My mum is scared because she checked out my search history and there was some really weird stuff there from when I was doing research for my novel. She's doubtful that research for writing should be this suspicious (eg. what would happen if someone disposed of a corpse in space), even for speculative fiction. Could you please assure that this is normal for writers?
This is normal for writers. Novel research will take you down strange alleys and peculiar byways.
This is also normal for people who don’t write. You go places and wonder and wander on the web because you are curious and because you are alive.
Do you still use this tumblr? For some reason, it doesn't seem like much is going on here right now. It would be sad to see this blog die.
I’m on a Social Media Holiday until the end of May.
I wanted to explore being bored, and silence, and the inside of my head, and to write a little more and interact a little less. But I just did a week back on Twitter, and I thought I’d come back tonight and just wave on Tumblr and let everyone know I was still alive. (I am still alive. I am waving. Look, I am waving at you.)
Wayward Manor Update :: Twins Theme Goes With Everything
Wayward Manor is shaping up to be a mysterious and charming puzzle game. We wanted to update you on the game’s progress since we know you’ve been patiently waiting for it. Right now we’re working on the musical themes for each character. All of Wayward Manor’s characters will have their own theme music. Yes, kind of like Guile.
Today we’d like you to listen to the Twin’s theme. The track features a pair of clarinets. These instruments will play in harmony, just like Twins. It’s unique additions like this music that truly make the world of Wayward Manor feel alive.
“I think I’m allowed to tell you that Joseph Gordon-Levitt signed on as a producer for the ‘Sandman’ film, and I had a fantastic day spent with Joe talking ‘Sandman,’ and his knowledge and commitment to it impressed the hell out of me.”—
You’ll see me and Stephen Fry, Paloma Faith, Derren Brown and Rupert Everett and Peter Tatchell trying to find out where we can buy a Rainbow Flag in very bad Russian. So that’s four gay men, a Gaiman and Paloma…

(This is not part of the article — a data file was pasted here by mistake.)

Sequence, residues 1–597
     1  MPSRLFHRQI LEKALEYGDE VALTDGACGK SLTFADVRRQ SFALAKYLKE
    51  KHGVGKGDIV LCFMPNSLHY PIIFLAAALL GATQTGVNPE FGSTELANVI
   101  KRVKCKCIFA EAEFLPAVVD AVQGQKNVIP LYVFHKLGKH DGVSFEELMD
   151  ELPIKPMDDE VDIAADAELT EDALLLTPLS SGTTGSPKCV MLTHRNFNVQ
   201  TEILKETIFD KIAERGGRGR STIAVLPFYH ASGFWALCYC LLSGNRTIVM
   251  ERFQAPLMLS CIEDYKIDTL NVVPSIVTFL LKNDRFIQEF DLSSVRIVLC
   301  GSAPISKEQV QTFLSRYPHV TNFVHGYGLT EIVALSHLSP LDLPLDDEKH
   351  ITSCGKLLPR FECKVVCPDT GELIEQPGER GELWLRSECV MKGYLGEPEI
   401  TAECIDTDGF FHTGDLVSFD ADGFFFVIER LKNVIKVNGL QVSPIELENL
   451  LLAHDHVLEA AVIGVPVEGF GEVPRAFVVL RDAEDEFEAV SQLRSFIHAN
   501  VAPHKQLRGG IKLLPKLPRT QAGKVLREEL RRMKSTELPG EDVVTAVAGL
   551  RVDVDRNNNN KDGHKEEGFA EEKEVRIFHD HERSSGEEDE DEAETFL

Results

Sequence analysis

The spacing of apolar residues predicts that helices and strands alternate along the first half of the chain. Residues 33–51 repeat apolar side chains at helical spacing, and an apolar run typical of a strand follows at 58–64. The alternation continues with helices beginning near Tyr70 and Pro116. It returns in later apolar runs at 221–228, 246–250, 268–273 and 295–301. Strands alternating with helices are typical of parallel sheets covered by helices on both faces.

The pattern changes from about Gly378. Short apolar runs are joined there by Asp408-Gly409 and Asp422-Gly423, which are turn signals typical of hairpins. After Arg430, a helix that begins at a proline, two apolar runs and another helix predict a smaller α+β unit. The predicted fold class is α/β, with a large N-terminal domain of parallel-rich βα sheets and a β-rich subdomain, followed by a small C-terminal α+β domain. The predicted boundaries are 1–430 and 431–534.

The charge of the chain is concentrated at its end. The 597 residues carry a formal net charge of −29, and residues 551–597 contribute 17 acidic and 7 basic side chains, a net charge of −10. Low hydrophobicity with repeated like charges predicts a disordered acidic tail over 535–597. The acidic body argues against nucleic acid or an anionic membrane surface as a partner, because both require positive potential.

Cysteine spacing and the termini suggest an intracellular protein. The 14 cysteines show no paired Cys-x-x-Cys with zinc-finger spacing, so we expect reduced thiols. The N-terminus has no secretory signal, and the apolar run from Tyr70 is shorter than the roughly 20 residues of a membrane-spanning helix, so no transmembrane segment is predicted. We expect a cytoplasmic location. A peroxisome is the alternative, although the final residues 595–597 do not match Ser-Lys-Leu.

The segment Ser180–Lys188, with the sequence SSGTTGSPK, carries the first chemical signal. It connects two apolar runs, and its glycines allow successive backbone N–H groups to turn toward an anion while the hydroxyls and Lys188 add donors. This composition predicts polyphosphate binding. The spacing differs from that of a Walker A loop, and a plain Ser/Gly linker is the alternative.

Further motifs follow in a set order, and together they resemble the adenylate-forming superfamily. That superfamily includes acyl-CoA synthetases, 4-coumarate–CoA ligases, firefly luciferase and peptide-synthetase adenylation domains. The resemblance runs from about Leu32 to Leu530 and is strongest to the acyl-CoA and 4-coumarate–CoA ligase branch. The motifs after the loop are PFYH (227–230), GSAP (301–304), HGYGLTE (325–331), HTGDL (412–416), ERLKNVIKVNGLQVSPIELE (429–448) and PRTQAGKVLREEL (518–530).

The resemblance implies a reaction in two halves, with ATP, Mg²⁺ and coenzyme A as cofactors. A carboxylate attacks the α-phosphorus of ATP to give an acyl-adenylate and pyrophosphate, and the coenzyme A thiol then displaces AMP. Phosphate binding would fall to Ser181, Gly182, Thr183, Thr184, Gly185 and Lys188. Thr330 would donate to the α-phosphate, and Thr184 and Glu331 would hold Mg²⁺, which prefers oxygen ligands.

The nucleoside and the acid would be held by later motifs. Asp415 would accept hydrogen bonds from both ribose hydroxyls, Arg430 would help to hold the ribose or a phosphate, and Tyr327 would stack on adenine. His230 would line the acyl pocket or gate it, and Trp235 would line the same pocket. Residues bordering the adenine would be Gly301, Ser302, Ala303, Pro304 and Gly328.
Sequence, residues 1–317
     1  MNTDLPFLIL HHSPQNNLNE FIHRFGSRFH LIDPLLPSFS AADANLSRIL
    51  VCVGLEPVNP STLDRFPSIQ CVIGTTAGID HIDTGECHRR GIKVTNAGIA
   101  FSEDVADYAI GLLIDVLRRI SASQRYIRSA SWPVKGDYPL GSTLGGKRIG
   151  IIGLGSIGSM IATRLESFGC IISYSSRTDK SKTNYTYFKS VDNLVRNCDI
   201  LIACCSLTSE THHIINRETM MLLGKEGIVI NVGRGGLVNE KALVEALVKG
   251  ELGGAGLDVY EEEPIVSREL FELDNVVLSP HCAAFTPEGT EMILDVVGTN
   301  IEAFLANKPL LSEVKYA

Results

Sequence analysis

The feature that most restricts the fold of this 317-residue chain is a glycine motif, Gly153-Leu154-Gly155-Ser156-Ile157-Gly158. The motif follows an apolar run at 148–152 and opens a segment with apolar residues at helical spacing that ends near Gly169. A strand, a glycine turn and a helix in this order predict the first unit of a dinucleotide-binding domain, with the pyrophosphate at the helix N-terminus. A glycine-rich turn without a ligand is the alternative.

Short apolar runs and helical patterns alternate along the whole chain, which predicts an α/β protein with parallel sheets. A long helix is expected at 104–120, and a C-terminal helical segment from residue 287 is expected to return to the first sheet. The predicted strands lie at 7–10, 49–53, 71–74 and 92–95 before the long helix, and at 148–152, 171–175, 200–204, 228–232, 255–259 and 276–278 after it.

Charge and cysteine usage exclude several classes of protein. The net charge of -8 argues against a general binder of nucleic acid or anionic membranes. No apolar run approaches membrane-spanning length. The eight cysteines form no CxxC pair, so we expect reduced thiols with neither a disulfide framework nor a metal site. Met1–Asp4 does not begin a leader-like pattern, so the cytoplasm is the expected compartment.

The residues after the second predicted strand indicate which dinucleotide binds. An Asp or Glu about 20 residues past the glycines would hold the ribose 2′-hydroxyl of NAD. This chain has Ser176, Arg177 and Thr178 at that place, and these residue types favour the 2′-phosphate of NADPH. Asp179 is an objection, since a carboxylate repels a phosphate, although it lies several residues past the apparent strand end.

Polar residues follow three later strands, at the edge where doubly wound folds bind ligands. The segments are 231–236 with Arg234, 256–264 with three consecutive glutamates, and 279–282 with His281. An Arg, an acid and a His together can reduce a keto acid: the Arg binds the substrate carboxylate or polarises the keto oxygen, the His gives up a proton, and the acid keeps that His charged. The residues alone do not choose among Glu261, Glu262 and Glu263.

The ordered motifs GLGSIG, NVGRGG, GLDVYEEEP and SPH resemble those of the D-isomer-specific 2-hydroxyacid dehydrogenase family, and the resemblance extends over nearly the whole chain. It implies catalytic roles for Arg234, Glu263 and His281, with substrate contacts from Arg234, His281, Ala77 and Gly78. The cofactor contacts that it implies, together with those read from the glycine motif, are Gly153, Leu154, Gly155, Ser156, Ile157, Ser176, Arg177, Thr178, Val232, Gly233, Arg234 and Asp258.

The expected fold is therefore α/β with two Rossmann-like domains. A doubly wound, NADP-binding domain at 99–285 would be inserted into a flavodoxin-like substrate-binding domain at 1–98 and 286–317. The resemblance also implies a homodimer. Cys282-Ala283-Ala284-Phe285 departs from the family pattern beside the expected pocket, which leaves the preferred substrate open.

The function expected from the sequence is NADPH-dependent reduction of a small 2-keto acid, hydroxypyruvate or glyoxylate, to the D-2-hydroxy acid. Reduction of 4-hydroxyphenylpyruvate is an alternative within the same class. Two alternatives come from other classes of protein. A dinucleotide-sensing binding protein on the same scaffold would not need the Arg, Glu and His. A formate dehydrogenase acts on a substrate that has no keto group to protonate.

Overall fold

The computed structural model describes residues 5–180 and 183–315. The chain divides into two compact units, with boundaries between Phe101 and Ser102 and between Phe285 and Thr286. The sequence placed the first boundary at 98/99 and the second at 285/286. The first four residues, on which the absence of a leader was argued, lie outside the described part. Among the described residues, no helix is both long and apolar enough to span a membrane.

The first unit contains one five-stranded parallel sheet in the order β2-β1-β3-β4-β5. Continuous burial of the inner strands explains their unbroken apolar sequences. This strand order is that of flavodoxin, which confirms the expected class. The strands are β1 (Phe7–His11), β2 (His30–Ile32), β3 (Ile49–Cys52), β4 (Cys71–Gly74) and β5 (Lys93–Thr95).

Tickets just went on sale for the Friday 4 July and Saturday 5 July, London Barbican performance of THE TRUTH IS A CAVE IN THE BLACK MOUNTAINS: me reading, Eddie Campbell and his paintings and a wonderful musical accompaniment from the FourPlay String Quartet. http://t.co/BisQz6YJnf
If you are in the UK, and you are a member of the Barbican you can buy tickets tomorrow morning for the reading of my story, THE TRUTH IS A CAVE IN THE BLACK MOUNTAINS on the 4th and 5th of July 2014. If you aren’t a member of the Barbican, you must wait until Friday morning to buy tickets.
THE TRUTH IS A CAVE… won the Locus Award for best Novelette, and the Shirley Jackson Award for best Novelette as well. Eddie Campbell is an amazing artist (and he co-hosts the evening with dry Scottishness) and the Four Play String Quartet are the most wonderful musicians.
I’ll read the story, while Eddie Campbell’s paintings are projected above me and the astonishing Four Play string quartet plays underscore music. We’ve done it twice before now, at a very sold out Sydney Opera House, where it was originally performed, and in Hobart to about 3,000 people at the MONA FOMA festival. Each time to very happy audiences.
(Photo of the rehearsal from Eddie Campbell’s blog, here.)
There will be the reading of the story (and paintings and music). There will be a Q and A. There’s other things that get read as well…
This will be its first ever performance in Europe. Two performances, I should say, as we are doing the Friday night and then the Saturday too.
Tickets go on sale to the general public (not Barbican members) on Friday morning at 10 am UK time. If the Fortunately The Milk* reading (which wound up like this) was anything to go by, the tickets will sell fast, so do not put off buying tickets until May.
Created and performed for a sell out crowd at Sydney Opera House’s world-renowned Graphic Festival, then repeated a year later for cutting edge festival Mona Foma in Tasmania, this haunting tale of adventure, revenge and treasure, told as a hybrid between a storyteller, an artist and a string quartet comes by popular demand to London for these two performances only. Tickets on sale to the public at 10am Friday 31 January What’s that you say? Wouldn’t it be nice if we could also perform it somewhere like San Francisco or New York…? Hmm. Let me think about that one.